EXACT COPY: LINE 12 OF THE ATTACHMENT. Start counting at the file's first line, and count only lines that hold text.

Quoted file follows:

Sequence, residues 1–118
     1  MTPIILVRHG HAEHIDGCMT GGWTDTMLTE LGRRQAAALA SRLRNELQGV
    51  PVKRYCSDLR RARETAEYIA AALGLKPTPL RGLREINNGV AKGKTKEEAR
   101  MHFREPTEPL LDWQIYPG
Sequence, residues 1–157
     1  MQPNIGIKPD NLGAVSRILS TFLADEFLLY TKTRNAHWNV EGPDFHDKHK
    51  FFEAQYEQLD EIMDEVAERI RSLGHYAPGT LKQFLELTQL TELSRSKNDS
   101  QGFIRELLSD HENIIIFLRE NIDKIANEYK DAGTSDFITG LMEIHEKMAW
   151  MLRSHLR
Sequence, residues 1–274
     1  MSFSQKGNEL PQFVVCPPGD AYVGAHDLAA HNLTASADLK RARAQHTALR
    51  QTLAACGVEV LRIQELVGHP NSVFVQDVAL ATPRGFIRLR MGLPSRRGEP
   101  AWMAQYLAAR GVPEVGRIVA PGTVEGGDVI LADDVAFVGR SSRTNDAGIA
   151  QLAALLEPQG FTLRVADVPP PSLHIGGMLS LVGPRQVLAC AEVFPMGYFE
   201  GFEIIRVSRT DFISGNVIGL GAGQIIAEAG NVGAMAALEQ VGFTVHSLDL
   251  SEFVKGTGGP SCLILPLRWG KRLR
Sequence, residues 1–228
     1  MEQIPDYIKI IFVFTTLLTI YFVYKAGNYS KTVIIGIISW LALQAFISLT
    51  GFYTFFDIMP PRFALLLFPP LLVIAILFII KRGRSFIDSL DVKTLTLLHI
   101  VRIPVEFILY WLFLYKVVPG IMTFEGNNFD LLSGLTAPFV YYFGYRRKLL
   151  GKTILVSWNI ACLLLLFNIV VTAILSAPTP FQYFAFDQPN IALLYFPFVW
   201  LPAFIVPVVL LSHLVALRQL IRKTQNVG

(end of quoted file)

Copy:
    51  QTLAACGVEV LRIQELVGHP NSVFVQDVAL ATPRGFIRLR MGLPSRRGEP